Rauner loses gubernatorial race after a single rocky term


Illinois Gov. Bruce Rauner speaks to supporters after losing his re-election bid to Democratic gubernatorial candidate J.B. Pritzker on Nov. 6, 2018.

After an expensive and widespread campaign season, incumbent Gov. Bruce Rauner announced he was conceding to Democratic opponent J.B. Pritzker, effectively ending his time in office.

At his watch party held at the Drake Hotel on Nov. 6, Rauner announced he was dropping out of the Illinois gubernatorial race. The decision came less than an hour after the polls had closed, and ended Rauner’s time in office.

When first elected into office in 2015, Rauner had never held or ran for a political office. Since then, Rauner made a number of major (and at times, controversial) decisions during his four years as governor that have shaped Illinois in significant ways.

The start of Rauner’s time as governor was met with a large laundry list of items that Rauner wanted to immediately start pushing. During his first State of the State speech, Rauner swiftly brought out budget cuts, changes in pensions and education funding, as well as pushing six proposed amendments to the state’s Constitution. The Democratic-held legislature in the state did not deter Rauner from hitting the ground running.

As governor, Rauner raised the personal state income tax rate to 4.9 percent. However, the state stills sits on $9 billion in unpaid bills. The debt has been a major issue for Illinois, but the state has been hiking taxes for the past 12 years. Rauner promised throughout his gubernatorial campaign that he would stop raising taxes if elected in a second term.

“We need to enact reforms to improve government efficiency and encourage job creation and economic growth,” Rauner said in an interview with the Sun- Times last month. “We can – and must – balance the budget by transforming the way government operates, reforming the pension system and growing the economy, which will bring in more tax revenue.”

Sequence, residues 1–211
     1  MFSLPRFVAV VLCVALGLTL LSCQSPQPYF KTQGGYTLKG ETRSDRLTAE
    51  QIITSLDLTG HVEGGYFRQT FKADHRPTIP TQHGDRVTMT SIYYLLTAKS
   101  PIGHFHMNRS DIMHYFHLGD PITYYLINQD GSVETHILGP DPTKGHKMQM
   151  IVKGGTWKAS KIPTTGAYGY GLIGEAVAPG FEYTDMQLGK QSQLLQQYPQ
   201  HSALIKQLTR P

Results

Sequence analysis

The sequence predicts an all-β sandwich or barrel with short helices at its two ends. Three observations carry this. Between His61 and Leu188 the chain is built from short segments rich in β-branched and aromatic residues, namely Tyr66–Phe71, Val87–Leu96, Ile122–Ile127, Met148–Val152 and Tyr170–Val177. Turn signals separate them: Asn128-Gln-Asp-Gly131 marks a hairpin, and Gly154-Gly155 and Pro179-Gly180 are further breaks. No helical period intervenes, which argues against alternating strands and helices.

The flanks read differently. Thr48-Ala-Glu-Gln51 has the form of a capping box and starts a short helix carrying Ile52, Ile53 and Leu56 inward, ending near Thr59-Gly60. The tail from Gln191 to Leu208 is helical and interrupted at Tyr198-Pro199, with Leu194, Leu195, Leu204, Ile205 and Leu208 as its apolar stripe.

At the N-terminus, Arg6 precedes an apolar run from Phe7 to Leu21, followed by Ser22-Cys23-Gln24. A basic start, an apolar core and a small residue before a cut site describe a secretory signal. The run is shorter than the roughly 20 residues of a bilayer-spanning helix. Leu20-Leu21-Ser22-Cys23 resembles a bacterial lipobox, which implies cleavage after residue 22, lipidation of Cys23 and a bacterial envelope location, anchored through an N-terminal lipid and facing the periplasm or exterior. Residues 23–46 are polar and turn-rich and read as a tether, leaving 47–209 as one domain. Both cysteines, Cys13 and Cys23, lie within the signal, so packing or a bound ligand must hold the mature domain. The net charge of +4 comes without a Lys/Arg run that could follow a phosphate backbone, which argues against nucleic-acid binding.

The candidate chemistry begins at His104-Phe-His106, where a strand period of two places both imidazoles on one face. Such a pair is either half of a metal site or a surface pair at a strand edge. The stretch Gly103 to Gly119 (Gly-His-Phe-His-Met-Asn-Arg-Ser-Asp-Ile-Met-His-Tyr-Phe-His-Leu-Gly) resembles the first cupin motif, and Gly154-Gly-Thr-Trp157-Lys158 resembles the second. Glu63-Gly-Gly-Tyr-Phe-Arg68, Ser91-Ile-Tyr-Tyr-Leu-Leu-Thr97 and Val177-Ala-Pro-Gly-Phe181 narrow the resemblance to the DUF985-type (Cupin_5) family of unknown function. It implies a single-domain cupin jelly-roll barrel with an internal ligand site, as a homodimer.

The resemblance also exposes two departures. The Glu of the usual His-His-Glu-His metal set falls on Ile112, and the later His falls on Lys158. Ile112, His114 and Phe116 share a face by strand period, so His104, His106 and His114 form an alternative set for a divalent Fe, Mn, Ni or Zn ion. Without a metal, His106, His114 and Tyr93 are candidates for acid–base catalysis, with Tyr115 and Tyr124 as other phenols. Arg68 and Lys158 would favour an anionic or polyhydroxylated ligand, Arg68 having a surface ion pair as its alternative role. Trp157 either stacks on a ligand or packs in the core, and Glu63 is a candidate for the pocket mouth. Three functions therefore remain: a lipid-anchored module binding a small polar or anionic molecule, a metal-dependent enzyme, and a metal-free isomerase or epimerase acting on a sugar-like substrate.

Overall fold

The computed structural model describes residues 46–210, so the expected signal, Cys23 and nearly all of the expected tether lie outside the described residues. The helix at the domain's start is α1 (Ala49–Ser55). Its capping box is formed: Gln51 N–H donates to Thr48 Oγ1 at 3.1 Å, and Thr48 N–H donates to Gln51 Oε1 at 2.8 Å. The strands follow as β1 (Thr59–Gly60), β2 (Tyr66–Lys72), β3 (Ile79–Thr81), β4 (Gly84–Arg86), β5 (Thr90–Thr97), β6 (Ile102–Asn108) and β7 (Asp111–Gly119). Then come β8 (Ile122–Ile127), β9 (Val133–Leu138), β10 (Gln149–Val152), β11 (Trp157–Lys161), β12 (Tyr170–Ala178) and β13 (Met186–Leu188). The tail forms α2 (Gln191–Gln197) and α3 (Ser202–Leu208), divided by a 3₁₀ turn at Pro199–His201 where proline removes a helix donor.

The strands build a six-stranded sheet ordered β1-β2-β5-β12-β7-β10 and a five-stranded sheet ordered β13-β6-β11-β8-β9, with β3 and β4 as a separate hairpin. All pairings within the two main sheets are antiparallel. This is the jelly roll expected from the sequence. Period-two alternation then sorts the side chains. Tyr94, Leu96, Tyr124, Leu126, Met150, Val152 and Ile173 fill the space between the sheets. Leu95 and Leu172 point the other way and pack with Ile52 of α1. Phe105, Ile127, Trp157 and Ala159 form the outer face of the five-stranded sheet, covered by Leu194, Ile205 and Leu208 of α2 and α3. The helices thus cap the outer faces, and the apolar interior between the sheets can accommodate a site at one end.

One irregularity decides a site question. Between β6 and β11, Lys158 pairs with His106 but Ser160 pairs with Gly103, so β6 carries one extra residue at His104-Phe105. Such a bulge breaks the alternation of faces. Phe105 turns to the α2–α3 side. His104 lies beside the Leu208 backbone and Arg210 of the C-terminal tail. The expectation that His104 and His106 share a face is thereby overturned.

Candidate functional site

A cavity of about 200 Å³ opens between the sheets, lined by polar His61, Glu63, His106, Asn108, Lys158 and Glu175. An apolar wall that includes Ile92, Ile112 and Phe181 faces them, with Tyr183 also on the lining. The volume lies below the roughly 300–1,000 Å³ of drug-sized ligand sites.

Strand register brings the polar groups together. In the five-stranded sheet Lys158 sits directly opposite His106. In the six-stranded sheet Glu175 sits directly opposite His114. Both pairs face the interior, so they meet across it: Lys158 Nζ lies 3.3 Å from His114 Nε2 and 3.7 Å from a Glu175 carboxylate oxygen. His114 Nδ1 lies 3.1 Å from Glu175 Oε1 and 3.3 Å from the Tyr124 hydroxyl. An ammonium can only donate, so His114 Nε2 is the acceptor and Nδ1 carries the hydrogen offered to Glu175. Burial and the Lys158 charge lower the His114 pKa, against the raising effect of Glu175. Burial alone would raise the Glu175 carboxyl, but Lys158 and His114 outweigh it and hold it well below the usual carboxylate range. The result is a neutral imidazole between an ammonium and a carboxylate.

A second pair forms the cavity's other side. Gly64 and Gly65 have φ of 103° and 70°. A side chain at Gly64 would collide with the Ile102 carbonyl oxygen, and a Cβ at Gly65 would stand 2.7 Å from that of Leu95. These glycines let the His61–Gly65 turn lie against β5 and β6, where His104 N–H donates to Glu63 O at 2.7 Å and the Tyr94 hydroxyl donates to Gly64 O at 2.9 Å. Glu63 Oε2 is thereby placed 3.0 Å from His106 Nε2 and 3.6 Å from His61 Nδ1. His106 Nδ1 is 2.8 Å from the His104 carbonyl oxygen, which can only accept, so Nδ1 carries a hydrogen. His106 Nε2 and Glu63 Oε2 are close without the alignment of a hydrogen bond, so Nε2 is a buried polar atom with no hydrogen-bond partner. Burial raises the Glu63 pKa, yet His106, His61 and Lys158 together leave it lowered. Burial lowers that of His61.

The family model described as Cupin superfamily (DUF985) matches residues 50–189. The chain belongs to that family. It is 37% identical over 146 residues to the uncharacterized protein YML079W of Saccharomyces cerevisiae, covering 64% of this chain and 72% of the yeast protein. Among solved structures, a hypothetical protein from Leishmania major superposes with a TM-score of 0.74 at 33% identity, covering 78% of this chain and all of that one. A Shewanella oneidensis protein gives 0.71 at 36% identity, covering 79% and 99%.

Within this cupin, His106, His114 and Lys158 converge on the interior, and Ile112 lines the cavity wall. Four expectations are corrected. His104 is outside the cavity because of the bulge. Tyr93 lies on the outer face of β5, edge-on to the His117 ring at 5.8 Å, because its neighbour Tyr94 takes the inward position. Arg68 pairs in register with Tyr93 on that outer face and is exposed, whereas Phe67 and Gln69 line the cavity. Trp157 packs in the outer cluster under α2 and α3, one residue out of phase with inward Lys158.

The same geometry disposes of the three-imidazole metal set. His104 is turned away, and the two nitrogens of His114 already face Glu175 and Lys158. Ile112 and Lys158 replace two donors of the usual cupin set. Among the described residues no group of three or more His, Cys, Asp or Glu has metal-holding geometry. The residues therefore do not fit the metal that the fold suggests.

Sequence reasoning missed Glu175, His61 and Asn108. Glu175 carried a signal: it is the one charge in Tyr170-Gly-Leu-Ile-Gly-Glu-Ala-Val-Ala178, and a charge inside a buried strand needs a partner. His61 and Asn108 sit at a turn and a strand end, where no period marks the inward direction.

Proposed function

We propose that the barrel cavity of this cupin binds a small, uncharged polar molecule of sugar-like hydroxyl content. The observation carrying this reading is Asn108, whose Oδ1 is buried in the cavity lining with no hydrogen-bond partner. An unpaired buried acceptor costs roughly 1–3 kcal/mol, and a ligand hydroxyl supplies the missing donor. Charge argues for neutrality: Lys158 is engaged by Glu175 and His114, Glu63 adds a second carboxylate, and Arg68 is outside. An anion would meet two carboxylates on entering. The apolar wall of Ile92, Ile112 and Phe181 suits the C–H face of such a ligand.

In 2017, Rauner signed a bill that created a tax credit scholarship program and established charter funding equity to charter schools. The $100 million Invest in Kids program allows for taxpayers to donate to the scholarship funds. In return, donors can get 75 percent of their donation back as a credit on their state income taxes.

The topic of school choice was a major divide between Rauner and Pritzker during the campaign season. Pritzker wanted to end the program because he saw it as “a tax break for wealthy people,” according to an interview he did with WBEZ earlier this year.

In a hotly-debated move, Rauner signed a controversial abortion bill in 2017 that would expand taxpayer-subsidized abortions. The bill drew criticism from Rauner’s fellow Republicans and conservative pro-life groups.

Rauner has gone on record multiple times to say that he believes in the right to choose, which is why he chose to sign the bill despite many in his party disagreeing with the measure.

Walking into the gubernatorial race, Rauner’s campaign did not have a solid support from the state. According to a Morning Consult poll done in November 2017, Rauner held a 30 percent approval and 55 percent disapproval rate – lower than President Donald Trump’s approval ratings. This put the governor as the fifth least-popular governor in the country, and the least popular first-term governor.

Rauner’s opponent, both Pritzker and those who ran against Rauner during the primaries, capitalized on the disapproval ratings throughout the campaign season. However, Rauner still managed to pull a win back in March in the primaries in the close race.

“[Rauner is] just not the right man for the job,” Pritzker said in an interview with Vox earlier this year. “He’s a guy who doesn’t understand the difference between business and government. People are feeling really let down by him.”

Some in Illinois looked at much of Rauner’s time in office as a failure, though his supporters say most of it was a let-down on the state’s government as a whole, with the blame landing on Rauner’s shoulders.

“People turned [Rauner] into a scapegoat,” said student Adam Perry, who volunteered with Rauner’s campaign. “He put his best foot forward, but everyone wanted to blame him for everything that went wrong.”

In the end, and despite an expensive and exhaustive race, Rauner lost to Pritzker by roughly 15 percentage points in the midterm elections. During his concession speech, Rauner thanked the crowd for his time as governor and urged for his fellow Republicans to work with Pritzker to push Illinois further.

“This election is over, but that does not mean it is the end of the change that we need,” Rauner said. “… Now we stand, not as Democrats or Republicans, but as people of Illinois.”